Ron: We want people to first of all see the image. We are going to send you a computer rendering of what the final visual of it is going to be like, and then we have some pictures up right now so you can get a gist of what it's all about. And we want the support of the people. If you're claiming that it's coming from the people, in fact it is, meaning that the more people show their Likes, the more appropriate to claim that the people are behind it.
IH: You have degrees in chemical engineering and business management from prestigious California universities. How has this translated into your art?
Ron: It has given me this sense of logic. I feel that art is a very logical science and it really has to make sense. Everything has to. And the sense in art is balance, gradation, harmony and so on... art creates a language that everyone speaks and everyone understands. It speaks to everyone their own language. So, what better language to speak peace to the world than art?
Yes, I'm very mathematical in my thinking, I'm logical and also artistic, so I have a kind of right brain-left brain mentality.
IH: Do you plan to expand your work to other cities?
Ron: Oh yeah, I want to use the world as my gallery. For the last 35 years, I have built many, many large art pieces and none of them were really commissioned. Only a few. But the rest of them I just built because I had the means to build them. I had the manpower, the equipment, the material, and the know-how, to build these things. And that's part of the reason I embarked on a business where it's architectural metal business called Rami Designs that has practical use and practical ways of making means for my life. But at the same time would have the facilities to build art. It's actually a backbone to my artistic career. So intentionally I went this direction. I've built things totally different and unconventional. We are trying to break many conventional molds, even about promotion of my art it's a very unusual method. Most artists start from the bottom to the top, I prefer to start from the top. But the most prevalent conventional mold of all times which we are going to break is the notion that mankind cannot chive peace. We are going to break that old age conventional mold.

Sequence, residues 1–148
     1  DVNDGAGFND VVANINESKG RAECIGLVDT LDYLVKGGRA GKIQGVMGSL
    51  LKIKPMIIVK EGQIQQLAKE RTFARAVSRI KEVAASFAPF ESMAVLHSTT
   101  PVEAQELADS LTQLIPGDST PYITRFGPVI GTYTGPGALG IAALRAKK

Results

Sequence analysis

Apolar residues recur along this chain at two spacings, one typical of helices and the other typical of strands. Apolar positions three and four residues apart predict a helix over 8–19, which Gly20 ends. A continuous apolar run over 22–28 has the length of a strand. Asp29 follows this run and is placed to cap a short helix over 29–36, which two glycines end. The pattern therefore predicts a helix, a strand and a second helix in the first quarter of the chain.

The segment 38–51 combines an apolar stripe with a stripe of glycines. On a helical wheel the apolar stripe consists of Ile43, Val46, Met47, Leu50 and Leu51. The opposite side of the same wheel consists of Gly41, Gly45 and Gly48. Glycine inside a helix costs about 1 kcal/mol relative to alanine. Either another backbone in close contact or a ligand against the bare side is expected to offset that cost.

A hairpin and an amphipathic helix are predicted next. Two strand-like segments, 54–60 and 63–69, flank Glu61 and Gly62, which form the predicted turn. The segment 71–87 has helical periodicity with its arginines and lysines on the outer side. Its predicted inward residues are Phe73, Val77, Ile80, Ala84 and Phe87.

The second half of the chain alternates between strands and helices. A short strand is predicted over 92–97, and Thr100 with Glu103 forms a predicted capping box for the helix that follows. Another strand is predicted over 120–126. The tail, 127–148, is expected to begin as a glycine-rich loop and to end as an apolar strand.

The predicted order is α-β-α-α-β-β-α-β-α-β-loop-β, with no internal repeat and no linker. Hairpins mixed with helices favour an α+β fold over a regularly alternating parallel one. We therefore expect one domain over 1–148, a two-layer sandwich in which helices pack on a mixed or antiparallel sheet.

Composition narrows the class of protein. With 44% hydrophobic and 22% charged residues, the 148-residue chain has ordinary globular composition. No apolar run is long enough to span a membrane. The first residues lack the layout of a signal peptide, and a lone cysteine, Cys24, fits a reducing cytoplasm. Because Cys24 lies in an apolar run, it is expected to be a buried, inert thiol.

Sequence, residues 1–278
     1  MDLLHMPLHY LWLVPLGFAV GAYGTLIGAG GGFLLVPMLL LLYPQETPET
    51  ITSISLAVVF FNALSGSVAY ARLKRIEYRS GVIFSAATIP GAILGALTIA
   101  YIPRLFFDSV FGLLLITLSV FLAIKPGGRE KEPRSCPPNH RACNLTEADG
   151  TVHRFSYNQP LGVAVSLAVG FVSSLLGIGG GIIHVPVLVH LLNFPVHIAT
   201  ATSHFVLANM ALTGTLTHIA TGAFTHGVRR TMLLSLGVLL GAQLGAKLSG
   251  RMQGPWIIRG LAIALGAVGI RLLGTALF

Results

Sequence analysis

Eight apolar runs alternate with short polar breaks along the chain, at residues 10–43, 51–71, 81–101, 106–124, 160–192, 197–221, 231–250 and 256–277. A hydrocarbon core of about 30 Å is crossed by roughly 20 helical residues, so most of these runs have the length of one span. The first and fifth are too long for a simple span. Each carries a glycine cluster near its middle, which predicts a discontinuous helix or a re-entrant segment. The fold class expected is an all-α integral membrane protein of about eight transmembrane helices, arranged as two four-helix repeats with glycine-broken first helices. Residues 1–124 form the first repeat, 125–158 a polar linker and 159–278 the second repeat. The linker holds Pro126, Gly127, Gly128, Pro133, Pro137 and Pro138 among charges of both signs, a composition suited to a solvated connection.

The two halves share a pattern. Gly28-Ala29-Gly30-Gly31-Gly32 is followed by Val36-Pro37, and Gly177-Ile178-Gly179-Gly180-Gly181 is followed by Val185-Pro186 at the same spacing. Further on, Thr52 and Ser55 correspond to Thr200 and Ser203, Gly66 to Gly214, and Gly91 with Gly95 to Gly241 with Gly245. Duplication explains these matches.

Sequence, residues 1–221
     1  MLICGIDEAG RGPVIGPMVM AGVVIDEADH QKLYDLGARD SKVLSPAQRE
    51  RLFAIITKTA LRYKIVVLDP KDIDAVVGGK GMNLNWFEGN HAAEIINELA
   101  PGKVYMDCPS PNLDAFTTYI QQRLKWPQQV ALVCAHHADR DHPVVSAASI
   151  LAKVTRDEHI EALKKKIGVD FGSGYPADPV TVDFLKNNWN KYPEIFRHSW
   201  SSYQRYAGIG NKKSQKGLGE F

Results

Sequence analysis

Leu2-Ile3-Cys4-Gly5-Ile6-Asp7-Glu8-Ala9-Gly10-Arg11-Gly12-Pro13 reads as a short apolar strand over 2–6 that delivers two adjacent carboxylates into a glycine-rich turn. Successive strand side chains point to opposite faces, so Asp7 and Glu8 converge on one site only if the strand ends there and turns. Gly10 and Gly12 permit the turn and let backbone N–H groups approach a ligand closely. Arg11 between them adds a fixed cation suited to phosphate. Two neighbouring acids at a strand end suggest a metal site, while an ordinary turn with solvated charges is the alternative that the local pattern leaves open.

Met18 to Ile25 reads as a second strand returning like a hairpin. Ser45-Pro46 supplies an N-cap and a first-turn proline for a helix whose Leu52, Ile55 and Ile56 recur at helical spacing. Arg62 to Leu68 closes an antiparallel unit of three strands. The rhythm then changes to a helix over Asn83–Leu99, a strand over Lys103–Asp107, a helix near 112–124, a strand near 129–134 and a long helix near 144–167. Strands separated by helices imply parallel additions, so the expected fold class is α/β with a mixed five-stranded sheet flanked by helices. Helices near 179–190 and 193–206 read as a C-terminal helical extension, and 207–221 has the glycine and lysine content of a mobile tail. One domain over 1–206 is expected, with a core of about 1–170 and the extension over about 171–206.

IH: What social progress would you like to contribute to in your lifetime?
Ron: Peace! I'm working on empowering the youth, community building, I'm involved in those type of things. To make changes from grassroots. But more than anything else in my life, I'd like to bring to people's mind that first and foremost, we are all one. And if we taught that to our children and our youth and it's ingrained in the psyche, then they don't look at each other from a prejudiced perspective. We have to abolish prejudice from our society entirely - any kind! Religious, cultural, gender, sexual preference, whatever. We have to abolish that because we're all people and we're all created equal.
IH: You combine old and new technology alike in your art. What can you tell me about this process?
Ron: My style of work is very modern. I love modern looking things from cars to homes to fashion. However, I never ignore the most classical things in art history, like the human body or anything that is altruistic and real. I use the classical models and interpret them in a modern way.
The ballerina is the very classical shape of a woman, with a beautiful face and a beautiful figure and a very graceful posture, yet the lines behind it depict a shadow of it and are very technical. So it easily could be used in both environments. If it's put in a setting that's very modern it'll fit perfect. If it's put in a setting of a very, very classical building, in fact they're going to put this in front of a performing arts center that was built by Joseph Stalin. It has huge Corinthian columns and the style of the building is very Greek. We can see that it merges both in a modern environment and a classical environment, and that's very hard to achieve.
The Art, Imagery and Vision of Jennifer Delilah
By Donna Letterese
Painter Jennifer Delilah always knew she wanted to work in a creative field. Hailing from a small town in Texas, she was involved in the arts from a young age. She even trained in ballet for many years, considering a serious career in dance. Yet, visual art became her all-consuming passion. "My Grandma taught me how to use oils when I was about five," Delilah reflects. "I then attended an all arts high school that was a serious introduction to drawing, technical painting classes, and so on. That was where I really got into it."